One of the most talked about charts among bears and other
value-minded investors is the level of margin debt on the NYSE. I
take this version of the situation (data current as of June 30,
2013) from Doug Short, who has been keeping a close eye on the
metric this year.
Doug has several versions of this data on his website. Here is
his explanation of this chart and the patterns he is
"This chart shows the two series (NYSE margin debt vs the
S&P 500) in real terms - adjusted for inflation to today's
dollar using the Consumer Price Index as the deflator. I picked
1995 as an arbitrary start date. We were well into the Boomer
Bull Market that began in 1982 and approaching the start of the
Tech Bubble that shaped investor sentiment during the second half
of the decade. The astonishing surge in leverage in late 1999
peaked in March 2000, the same month that the S&P 500 hit its
an all-time daily high, although the highest monthly close for
that year was five months later in August. A similar surge began
in 2006, peaking in July, 2007, three months before the market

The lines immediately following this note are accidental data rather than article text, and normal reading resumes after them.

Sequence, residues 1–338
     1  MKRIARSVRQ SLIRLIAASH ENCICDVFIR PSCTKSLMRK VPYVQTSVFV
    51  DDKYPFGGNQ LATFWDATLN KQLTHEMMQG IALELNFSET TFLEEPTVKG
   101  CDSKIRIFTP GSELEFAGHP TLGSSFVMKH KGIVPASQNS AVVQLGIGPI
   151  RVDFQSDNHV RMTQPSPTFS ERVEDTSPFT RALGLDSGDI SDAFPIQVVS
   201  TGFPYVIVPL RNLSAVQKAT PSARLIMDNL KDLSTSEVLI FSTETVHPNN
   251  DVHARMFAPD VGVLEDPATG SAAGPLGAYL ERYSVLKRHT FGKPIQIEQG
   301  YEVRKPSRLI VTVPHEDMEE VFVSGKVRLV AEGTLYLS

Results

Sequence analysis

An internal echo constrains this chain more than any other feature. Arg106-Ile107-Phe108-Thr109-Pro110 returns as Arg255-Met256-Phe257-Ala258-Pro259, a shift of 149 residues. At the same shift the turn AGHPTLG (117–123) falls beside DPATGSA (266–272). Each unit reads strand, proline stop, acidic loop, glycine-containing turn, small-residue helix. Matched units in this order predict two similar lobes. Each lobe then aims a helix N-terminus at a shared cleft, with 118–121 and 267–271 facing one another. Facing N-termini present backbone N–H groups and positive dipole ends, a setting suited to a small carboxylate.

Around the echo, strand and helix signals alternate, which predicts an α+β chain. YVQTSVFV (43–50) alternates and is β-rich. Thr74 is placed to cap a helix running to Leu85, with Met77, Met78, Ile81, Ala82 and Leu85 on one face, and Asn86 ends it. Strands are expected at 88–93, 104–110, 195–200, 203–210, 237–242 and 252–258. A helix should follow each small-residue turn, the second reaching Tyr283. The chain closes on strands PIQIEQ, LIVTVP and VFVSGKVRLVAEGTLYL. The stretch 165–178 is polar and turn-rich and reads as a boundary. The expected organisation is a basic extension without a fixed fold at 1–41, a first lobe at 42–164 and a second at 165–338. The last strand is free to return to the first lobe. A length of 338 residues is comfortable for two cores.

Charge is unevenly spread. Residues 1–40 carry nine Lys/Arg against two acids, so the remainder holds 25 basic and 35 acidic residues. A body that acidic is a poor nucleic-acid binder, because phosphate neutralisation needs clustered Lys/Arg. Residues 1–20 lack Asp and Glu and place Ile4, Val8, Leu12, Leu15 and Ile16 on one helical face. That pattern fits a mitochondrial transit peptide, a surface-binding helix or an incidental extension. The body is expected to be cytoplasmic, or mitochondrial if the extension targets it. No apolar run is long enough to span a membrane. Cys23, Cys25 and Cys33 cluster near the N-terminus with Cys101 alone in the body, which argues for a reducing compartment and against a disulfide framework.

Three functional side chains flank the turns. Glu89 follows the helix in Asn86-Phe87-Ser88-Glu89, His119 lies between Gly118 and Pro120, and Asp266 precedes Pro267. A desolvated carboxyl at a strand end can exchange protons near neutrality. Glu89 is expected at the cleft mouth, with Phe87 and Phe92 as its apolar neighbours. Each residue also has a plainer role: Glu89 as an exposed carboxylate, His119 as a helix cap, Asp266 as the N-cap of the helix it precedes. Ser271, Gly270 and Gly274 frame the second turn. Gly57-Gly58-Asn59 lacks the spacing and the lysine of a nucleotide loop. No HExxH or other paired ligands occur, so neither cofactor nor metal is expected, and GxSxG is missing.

Though it would be nice to see the July data that shows margin
debt has declined from lofty levels above $300 billion, there are
important themes here we should be asking about the peak in April
and corresponding peaks to come in the market and in the Fed's QE
Is the level of margin debt and its relationship to excess
speculation cause for concern now?
Does it need to get washed out with a major correcction before
the bull market can go higher?
On a related theme, while many smart people say that QE has
been the sole driver of the stock market rally this year, I
haven't seen any direct evidence to convince me of this supposed
fact. Low interest rates clearly help the asset class, but Fed
bond purchases don't directly put money in stocks. Call me naive,
but I want to see the math first.
Where do you stand on QE and stock prices?
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